Haydn's Head E-mail
Thursday, May 31
An addition to "The Disposition of Body Parts in the Romantic Era," in The Stiffest of the Corpse (City Lights)
Multilegged Milliped by Gershon Hepner E-mail
Monday, May 14
Gershon Hepner ( This e-mail address is being protected from spam bots, you need JavaScript enabled to view it ) is America's news poet, author of seventy thousand (you heard right!) poems on the margins of comments of interest to him, culled from our ever-growing media. His wide interests are expressed in extraordinarily thoughtful, witty, and skilful verse. He is by no means naive: had he not chosen poetry forms to express himself he would be a celebrated media personality. The following poem is a reply to my note below where I despair of ever keeping up with him. Andrei Codrescu

Nota Bene: You didn't hear right. It's ten thousand poems, as 10,179 below the below illustrates
New Work by Scott Bailey E-mail
Saturday, May 12
Scott is looking for a job teaching his art
9/11, god, and the mets by michael andre E-mail
Saturday, May 12
the legend of the unmuzzled ox speaks
Wormwood Scrubs by Steven J. Fowler E-mail
Saturday, May 05

 all heart & some voices

Recent Works by Dragosh Ziditoru E-mail
Friday, May 04
Dragosh Ziditoru's Many Loves & the Secret Wall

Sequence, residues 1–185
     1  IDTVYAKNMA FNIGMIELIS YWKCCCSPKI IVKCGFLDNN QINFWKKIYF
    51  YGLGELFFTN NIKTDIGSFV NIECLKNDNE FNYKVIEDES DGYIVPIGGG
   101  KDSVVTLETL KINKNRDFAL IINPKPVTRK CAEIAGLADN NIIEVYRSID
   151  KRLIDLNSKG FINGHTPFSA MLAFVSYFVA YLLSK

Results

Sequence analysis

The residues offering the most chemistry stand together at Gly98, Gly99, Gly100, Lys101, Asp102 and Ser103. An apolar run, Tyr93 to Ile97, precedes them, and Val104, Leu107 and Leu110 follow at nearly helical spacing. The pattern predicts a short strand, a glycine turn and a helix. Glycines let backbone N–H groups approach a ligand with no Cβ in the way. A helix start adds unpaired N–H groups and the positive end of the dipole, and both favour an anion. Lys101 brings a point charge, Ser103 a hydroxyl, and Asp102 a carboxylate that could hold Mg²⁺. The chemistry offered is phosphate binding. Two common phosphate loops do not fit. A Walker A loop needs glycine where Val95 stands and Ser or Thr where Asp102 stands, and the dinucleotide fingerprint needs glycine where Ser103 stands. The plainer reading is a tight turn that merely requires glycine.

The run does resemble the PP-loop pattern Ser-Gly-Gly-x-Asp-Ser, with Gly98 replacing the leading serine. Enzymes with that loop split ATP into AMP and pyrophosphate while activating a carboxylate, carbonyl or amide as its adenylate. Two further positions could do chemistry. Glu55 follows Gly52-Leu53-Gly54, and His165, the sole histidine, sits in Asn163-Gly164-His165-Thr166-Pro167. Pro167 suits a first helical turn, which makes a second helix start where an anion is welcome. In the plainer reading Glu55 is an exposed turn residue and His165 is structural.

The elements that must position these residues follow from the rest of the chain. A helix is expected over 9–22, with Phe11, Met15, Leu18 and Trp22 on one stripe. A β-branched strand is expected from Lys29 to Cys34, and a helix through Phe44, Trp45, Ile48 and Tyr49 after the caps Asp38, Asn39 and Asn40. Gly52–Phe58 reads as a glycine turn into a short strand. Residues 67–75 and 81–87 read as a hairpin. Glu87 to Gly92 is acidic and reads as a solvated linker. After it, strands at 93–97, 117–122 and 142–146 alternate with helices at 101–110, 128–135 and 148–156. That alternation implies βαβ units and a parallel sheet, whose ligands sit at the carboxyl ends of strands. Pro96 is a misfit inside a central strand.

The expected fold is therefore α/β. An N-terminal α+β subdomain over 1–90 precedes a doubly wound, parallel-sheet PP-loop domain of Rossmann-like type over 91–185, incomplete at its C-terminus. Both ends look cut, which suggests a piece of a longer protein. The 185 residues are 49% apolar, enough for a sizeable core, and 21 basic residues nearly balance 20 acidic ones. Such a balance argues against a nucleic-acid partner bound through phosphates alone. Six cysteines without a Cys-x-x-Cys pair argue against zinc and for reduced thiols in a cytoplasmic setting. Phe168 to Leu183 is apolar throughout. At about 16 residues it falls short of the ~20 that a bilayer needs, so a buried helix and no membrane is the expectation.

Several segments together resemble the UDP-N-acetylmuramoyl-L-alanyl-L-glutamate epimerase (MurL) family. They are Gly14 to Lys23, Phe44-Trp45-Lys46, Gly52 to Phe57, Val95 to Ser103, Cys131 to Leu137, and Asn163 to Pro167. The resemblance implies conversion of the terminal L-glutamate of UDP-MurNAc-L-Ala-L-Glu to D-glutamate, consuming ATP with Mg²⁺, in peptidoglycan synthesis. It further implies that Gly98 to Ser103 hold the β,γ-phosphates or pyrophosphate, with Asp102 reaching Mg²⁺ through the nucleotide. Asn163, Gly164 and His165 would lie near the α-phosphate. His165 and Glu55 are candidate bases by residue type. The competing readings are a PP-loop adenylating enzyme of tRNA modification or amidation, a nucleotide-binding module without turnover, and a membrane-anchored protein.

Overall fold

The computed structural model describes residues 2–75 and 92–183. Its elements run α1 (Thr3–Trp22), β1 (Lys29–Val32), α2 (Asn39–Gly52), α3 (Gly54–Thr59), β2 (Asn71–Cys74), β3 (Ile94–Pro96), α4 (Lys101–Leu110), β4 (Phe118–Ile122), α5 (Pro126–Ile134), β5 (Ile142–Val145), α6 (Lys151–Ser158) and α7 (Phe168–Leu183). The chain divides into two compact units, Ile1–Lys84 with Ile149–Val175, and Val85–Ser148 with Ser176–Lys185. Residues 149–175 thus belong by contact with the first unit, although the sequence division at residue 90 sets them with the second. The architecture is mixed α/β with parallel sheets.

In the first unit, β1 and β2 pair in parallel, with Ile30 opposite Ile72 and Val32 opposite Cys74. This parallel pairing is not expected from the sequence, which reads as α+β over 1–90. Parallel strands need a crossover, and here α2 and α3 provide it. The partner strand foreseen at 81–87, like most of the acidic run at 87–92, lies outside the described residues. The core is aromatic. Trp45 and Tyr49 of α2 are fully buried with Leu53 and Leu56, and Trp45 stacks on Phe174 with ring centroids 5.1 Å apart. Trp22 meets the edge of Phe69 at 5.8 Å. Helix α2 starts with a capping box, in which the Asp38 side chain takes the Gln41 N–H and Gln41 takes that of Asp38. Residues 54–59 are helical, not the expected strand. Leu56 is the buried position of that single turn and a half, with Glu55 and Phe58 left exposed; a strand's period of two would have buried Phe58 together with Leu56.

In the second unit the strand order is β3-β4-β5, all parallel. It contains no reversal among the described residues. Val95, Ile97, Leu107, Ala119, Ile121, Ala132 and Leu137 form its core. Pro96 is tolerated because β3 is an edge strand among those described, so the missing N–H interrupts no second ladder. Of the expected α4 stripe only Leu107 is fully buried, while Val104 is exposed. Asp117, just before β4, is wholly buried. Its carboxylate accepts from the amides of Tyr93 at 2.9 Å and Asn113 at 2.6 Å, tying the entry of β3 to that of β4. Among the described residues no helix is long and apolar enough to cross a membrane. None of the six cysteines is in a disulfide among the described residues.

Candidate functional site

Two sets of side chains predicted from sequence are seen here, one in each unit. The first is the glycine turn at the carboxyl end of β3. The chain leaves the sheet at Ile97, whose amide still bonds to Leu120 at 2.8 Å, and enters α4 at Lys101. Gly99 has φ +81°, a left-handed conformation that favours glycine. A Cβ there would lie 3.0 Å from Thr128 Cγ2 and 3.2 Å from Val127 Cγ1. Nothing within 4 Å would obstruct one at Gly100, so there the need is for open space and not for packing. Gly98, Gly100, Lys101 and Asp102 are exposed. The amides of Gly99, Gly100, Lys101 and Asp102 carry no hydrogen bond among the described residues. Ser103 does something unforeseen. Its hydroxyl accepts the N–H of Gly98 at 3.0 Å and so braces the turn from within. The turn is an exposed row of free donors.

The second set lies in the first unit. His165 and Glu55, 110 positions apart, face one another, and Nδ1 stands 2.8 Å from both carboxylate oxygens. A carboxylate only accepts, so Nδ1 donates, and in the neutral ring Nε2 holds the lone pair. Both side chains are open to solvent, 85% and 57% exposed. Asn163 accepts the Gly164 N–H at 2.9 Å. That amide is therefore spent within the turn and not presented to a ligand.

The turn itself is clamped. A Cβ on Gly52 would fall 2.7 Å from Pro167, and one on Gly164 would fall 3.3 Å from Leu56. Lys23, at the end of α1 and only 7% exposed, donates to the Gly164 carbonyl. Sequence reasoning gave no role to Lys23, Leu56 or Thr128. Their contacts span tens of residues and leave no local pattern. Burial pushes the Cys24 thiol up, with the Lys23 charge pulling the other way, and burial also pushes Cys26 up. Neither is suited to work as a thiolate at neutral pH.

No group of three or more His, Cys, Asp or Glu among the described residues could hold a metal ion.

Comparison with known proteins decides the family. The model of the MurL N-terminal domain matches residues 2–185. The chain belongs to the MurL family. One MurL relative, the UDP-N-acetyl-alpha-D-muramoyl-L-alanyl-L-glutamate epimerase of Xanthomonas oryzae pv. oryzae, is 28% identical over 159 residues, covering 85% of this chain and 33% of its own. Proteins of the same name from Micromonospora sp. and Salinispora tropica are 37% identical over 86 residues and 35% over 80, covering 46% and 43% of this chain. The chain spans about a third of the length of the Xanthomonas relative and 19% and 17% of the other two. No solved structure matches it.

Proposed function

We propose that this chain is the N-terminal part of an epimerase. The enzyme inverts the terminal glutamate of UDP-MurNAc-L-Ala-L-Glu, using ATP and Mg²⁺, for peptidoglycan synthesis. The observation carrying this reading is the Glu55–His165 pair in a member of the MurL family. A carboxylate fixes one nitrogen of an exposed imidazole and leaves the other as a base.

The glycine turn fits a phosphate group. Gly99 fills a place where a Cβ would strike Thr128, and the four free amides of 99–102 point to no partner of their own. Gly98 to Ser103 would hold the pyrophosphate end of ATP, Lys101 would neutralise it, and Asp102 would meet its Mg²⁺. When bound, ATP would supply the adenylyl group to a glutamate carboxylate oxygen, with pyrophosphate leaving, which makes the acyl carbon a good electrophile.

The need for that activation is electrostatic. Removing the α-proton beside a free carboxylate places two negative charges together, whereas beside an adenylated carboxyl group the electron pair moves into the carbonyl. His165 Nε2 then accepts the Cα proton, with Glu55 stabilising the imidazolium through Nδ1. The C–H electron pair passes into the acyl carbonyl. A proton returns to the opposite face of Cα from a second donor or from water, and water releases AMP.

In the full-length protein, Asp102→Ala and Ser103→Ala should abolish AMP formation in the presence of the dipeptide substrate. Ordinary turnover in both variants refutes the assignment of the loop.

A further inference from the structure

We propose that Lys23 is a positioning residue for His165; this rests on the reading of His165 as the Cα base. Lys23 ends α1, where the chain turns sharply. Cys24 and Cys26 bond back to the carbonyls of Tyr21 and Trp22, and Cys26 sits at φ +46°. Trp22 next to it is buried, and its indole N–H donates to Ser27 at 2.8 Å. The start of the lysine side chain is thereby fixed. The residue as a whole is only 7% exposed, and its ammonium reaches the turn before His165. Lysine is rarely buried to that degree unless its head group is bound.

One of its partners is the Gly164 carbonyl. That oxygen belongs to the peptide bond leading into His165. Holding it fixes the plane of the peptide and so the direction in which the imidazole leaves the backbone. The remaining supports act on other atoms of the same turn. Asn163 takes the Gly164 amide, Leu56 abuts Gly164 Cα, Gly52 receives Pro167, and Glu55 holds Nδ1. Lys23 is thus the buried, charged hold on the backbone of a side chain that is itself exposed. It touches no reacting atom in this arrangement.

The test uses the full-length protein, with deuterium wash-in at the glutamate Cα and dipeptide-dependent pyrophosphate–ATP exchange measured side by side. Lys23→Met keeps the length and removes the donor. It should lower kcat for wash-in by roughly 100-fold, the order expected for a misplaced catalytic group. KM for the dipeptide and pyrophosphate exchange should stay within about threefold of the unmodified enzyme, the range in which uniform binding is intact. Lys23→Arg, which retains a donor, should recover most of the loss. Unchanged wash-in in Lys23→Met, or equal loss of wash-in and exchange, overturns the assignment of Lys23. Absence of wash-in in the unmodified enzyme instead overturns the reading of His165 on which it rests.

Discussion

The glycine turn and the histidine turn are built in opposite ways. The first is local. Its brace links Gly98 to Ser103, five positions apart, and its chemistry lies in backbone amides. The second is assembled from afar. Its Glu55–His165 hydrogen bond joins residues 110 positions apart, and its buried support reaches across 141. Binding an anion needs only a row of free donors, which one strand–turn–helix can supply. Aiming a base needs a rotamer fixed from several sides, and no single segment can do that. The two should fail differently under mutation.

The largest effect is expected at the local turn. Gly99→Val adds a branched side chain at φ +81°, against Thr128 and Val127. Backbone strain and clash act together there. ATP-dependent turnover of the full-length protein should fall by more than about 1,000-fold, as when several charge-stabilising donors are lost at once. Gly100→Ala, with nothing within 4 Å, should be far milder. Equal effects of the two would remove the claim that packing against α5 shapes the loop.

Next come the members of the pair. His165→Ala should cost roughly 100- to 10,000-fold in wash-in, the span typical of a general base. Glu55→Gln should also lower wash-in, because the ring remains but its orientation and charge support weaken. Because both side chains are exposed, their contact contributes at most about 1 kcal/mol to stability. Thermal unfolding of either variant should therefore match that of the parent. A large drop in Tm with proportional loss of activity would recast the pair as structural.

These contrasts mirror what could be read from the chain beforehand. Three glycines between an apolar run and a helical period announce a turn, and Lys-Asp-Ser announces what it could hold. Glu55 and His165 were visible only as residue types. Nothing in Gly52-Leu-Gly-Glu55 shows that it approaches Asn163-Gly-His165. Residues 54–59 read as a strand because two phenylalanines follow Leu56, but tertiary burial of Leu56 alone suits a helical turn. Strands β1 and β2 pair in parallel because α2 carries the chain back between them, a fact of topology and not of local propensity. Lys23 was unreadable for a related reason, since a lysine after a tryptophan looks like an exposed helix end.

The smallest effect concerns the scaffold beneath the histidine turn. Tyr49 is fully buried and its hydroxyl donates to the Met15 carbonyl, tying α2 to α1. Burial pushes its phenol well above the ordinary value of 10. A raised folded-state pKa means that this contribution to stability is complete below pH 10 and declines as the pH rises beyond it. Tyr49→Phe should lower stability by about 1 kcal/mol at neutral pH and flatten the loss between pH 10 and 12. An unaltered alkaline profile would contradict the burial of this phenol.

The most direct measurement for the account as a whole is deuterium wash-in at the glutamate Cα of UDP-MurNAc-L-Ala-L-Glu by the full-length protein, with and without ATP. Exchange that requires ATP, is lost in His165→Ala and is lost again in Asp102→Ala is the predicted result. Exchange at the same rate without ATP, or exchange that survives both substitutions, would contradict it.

commute to quarter centuries E-mail
Tuesday, May 01
old canadian taxpaying narcissist pets self in mirror
commute to quarter centuries E-mail
Tuesday, May 01
old canadian taxpaying narcissist pets self in mirror
surround systems by calin-andrei mihailescu E-mail
Wednesday, April 11
the politics of tools
Paul Fiction by Calin-Andrei Mihailescu E-mail
Tuesday, April 10
Saul going to see Paul
FROM THENETHERWORLD Special to the Corpse from JJ Phillips E-mail
Monday, April 02
Brautigan’s Brains
Brains blasted there
upon the page
gray matter gobbed
blood of the poet congealed
this grotesque palimpsest
last words concealed
beneath the blood
shattered neurons
glial cells unglued
glopped, splattered

A text of rage coagulated
there upon the page.

Axons impel thought to take
that fatal fiery leap
across synapse into act
fiction into fact.

Atoms smash against the skull
the neural net tattered warp and woof
the brain that strings the words extruded
globbed, fragmented, spattered
last words occluded by the final proof

The text of rage coagulated
there upon the page.
Death by Scott Bailey E-mail
Saturday, March 17
Five Poems Con Leche y Sangre by Merilyn Jackson E-mail
Sunday, March 11